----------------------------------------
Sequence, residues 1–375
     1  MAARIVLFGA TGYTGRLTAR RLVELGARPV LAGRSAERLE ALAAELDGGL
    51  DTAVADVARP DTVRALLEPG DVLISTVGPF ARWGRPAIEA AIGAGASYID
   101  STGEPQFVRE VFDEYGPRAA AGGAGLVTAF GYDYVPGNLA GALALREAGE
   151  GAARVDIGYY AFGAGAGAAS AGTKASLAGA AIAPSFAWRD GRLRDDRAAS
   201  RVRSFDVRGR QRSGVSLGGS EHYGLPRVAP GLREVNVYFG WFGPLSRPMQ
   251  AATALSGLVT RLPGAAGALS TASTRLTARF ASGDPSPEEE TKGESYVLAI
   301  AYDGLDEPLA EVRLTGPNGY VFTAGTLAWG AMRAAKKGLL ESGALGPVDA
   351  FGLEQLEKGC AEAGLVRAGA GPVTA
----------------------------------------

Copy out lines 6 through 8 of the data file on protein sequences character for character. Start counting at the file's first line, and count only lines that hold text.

   201  RVRSFDVRGR QRSGVSLGGS EHYGLPRVAP GLREVNVYFG WFGPLSRPMQ
   251  AATALSGLVT RLPGAAGALS TASTRLTARF ASGDPSPEEE TKGESYVLAI
   301  AYDGLDEPLA EVRLTGPNGY VFTAGTLAWG AMRAAKKGLL ESGALGPVDA